The Coalition made the decision to strike unanimously. We began preparing for this event in March of 2018 when Kaiser walked away from the bargaining table and then committed another Unfair Labor Practice by trying to impose preconditions on bargaining in May of 2018. The Alliance of Healthcare Unions, made up of former Coalition unions, chose to accept these preconditions effectively silencing themselves. That was their mistake.

    There is nothing misleading in our ballot statements. We do seek income equity for all of the regions we represent. The fact that Kaiser has made record profits in the first two quarters of 2019, were able to give their CEO a 60% pay raise, fund a $900 million office complex in Oakland and have $300 million available for the Golden State Warrior to get naming rights for their new arena speaks to the fact that Kaiser is not looking at financial difficulties now or in the near future.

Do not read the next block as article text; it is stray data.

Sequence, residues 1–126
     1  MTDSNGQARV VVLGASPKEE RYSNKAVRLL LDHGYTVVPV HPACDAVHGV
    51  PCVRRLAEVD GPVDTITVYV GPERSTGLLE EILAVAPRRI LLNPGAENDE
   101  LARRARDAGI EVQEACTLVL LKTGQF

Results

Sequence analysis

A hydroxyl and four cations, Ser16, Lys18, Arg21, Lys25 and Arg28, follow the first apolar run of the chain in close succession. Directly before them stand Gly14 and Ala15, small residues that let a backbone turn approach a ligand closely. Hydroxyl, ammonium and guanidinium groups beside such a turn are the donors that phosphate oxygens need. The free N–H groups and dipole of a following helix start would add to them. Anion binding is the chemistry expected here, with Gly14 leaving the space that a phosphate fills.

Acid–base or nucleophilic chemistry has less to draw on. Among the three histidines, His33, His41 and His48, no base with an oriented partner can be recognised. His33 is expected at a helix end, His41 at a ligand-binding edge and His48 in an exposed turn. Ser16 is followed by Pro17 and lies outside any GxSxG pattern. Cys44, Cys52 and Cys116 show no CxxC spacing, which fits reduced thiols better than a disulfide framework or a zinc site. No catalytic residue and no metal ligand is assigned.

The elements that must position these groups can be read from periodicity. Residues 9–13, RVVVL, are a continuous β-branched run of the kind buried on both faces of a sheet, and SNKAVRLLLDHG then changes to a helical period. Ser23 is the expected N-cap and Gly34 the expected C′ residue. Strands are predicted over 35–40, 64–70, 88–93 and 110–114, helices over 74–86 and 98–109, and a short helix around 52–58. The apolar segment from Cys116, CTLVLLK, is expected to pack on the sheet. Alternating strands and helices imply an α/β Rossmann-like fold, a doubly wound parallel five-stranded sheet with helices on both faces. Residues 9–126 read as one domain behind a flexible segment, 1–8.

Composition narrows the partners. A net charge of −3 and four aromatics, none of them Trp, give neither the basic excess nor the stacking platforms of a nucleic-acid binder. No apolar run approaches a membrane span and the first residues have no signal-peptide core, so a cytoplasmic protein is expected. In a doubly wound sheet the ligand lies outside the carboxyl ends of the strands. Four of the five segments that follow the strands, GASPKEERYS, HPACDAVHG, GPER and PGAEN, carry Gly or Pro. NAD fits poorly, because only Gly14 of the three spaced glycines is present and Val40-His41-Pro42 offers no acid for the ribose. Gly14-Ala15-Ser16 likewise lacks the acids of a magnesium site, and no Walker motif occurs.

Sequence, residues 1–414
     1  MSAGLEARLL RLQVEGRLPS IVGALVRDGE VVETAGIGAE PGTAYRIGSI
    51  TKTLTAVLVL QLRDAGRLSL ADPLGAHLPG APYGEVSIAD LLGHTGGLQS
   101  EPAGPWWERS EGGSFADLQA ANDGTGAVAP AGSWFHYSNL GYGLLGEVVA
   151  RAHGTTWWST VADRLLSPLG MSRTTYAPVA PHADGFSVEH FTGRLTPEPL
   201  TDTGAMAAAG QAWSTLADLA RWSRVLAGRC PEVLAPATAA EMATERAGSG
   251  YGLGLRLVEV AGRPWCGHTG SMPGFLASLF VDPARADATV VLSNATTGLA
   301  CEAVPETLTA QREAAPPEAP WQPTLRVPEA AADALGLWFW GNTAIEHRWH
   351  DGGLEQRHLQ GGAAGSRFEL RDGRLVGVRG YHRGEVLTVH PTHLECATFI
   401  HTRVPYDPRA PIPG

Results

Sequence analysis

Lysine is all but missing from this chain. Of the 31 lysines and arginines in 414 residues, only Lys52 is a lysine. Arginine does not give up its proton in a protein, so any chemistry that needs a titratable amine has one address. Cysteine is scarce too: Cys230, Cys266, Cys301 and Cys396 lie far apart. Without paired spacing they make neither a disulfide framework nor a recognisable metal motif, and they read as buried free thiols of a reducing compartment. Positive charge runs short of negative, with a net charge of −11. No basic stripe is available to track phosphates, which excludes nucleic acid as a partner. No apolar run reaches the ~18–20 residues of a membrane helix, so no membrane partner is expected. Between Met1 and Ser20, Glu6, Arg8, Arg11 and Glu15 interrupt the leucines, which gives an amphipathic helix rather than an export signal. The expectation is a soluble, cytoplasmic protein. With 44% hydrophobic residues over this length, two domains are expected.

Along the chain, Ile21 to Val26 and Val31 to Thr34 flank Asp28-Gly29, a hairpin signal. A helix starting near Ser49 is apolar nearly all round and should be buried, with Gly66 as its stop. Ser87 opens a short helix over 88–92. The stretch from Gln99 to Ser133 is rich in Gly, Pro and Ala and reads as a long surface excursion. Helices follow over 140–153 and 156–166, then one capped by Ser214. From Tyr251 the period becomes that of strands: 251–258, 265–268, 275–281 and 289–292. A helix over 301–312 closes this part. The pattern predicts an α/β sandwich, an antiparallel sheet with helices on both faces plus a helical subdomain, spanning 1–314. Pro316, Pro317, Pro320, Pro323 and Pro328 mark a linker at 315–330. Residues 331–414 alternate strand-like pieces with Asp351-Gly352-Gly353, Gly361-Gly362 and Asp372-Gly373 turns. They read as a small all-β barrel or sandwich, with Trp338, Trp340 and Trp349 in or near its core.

The Coalition joined with Kaiser in a Labor Management Partnership in 1997 when Kaiser we in dire financial straights. We helped Kaiser become the industry leader in California with the understanding that we would reap the benefits from that success. Now that Kaiser is so successful, Bernard Tyson has decided he can now consider a Plan B where he freezes out the people who helped him gain the success he enjoys. This is a sad turn of affairs and a brief perusal of the Alliance of Healthcare Union’s new national agreement shows Kaiser’s intent to damage unions and silence us concerning significant public issues.

    I was at the table from the beginning in April to the last day in July. Kaiser was the one putting roadblock after roadblock in the way of all efforts to negotiate a fair agreement. Kaiser refused to show it’s financial documents that the Coalition repeatedly requested so that we could have a serious discussion about the challenges we face.

    Kaiser isn’t the wounded party here. They committed crimes against its workforce by violating labor laws. We voted to strike and we made sure our employees knew the truth. Kaiser wants to muddy the waters but they are not bargaining in good faith.